Rather than hand-coding an alternative SSE implementation to your scalar code, I strongly suggest you have a look at OpenCL. It is a vendor-neutral portable, cross-platform system for computationally intensive applications (and is highly buzzword-compliant!). You can write your algorithm in a subset of C99 designed for vectorised operations, which is much easier than hand-coding SSE. And best of all, OpenCL will generate the best implementation at runtime, to execute either on the GPU or on the CPU. So basically you get the SSE code written for you.
Theres are couple of places in my code base where the same operation is repeated a very large number of times for a large data set. In some cases it's taking a considerable time to process these.
Your application sounds like just the kind of problem that OpenCL is designed to address. Writing alternative functions in SSE would certainly improve the execution speed, but it is a great deal of work to write and debug.
Is there a compiler and OS independent way writing the code to take advantage of SSE instructions? I like the VC++ intrinsics, which include SSE operations, but I haven't found any cross compiler solutions.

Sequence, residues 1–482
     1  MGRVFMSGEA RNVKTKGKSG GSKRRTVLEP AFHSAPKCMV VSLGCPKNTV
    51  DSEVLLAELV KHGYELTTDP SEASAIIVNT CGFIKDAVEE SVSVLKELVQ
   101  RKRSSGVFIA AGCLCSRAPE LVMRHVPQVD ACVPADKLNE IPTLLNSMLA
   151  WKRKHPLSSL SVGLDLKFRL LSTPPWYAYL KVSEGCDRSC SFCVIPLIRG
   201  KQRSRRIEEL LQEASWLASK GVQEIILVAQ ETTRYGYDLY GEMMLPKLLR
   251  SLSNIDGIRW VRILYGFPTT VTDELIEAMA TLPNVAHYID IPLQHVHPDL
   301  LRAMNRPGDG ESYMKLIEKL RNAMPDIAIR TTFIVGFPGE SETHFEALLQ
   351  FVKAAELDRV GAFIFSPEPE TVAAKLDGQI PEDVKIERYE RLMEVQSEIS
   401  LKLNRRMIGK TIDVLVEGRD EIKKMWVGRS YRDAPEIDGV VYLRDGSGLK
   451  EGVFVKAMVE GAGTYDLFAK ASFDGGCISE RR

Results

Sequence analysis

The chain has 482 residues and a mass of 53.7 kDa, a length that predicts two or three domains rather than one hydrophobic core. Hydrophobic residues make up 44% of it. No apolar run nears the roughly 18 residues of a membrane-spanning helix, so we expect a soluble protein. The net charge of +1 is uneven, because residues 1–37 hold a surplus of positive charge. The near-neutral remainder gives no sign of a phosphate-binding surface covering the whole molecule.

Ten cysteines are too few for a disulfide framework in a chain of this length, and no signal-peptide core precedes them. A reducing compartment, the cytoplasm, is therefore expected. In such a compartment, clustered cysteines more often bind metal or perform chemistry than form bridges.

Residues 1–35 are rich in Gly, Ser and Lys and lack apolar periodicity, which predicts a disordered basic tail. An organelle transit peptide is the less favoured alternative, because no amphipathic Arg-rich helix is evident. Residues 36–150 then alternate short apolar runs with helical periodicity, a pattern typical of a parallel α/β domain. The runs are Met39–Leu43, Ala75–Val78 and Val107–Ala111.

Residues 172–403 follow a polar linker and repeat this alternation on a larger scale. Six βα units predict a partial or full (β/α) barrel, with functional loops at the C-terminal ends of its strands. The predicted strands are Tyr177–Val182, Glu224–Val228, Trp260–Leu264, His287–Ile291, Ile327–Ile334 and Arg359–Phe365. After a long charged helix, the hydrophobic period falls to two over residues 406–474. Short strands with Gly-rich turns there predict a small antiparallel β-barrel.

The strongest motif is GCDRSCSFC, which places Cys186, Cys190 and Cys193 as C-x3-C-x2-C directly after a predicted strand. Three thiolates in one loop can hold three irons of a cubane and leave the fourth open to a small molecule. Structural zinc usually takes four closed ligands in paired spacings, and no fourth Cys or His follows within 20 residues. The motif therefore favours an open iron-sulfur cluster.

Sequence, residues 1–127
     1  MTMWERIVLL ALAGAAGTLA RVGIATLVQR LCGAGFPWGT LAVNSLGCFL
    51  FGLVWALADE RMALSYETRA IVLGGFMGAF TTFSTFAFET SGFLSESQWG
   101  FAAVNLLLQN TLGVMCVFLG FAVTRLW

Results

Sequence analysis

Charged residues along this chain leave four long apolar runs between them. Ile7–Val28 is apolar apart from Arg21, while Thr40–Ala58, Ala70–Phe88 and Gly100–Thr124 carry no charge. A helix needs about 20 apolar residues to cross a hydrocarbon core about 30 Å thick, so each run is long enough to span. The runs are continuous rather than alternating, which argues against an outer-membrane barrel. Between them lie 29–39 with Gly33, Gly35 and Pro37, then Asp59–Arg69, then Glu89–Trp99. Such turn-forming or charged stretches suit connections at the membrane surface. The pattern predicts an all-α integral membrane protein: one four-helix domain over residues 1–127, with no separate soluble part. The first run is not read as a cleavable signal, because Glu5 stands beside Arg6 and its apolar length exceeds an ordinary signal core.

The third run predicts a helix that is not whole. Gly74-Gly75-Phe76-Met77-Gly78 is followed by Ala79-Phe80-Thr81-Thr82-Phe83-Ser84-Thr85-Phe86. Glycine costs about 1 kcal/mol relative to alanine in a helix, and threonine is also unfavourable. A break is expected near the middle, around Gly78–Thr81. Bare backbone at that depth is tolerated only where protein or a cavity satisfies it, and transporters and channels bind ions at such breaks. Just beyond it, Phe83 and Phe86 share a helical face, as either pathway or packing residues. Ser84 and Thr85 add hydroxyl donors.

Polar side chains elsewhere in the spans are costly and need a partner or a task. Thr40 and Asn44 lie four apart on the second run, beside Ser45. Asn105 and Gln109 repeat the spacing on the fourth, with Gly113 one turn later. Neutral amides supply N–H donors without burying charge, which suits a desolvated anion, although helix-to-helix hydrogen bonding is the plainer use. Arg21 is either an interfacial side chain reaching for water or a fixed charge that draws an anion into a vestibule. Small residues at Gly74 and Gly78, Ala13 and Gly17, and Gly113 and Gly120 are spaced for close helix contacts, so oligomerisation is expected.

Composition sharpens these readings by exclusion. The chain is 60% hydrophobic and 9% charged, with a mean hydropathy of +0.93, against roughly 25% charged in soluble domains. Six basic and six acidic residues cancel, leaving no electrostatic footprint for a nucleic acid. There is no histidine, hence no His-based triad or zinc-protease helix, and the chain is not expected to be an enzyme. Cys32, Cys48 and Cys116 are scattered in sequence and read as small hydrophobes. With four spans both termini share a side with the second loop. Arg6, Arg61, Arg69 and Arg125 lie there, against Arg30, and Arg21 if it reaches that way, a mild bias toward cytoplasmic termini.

Yes. The SSE intrinsics have been essentially standardised by Intel, so the same functions work the same between Windows, Linux and Mac (specifically with Visual C++ and GNU g++).
I still need to support some CPU's that either have no or limited SSE support (eg Intel Celeron). Is there some way to avoid having to make different versions of the program, like having some kind of "run time linker" that links in either the basic or SSE optimised code based on the CPU running it when the process is started?
You could do that (eg. using
dlopen()) but it is a very complex solution. Much simpler would be (in C) to define a function interface and call the appropriate version of the optimised function via function pointer, or in C++ to use different implementation classes, depending on the CPU detected.
With OpenCL it is not necessary to do this, as the code is generated at runtime for the given architecture.
What about other CPU extensions, looking at the instruction sets of various Intel and AMD CPU's shows there are a few of them?
Within the SSE instruction set, there are many flavours. It can be quite difficult to code the same algorithm in different subsets of SSE when certain instructions are not present. I suggest (at least to begin with) that you choose a minimum supported level, such as SSE2, and fall back to the scalar implementation on older machines.
This is also an ideal situation for unit/regression testing, which is very important to ensure your different implementations produce the same results. Have a test suite of input data and known good output data, and run the same data through both versions of the processing function. You may need to have a precision test for passing (ie. the difference epsilon between the result and the correct answer is below
1e6, for example). This will greatly aid in debugging, and if you build in high-resolution timing to your testing framework, you can compare the performance improvements at the same time.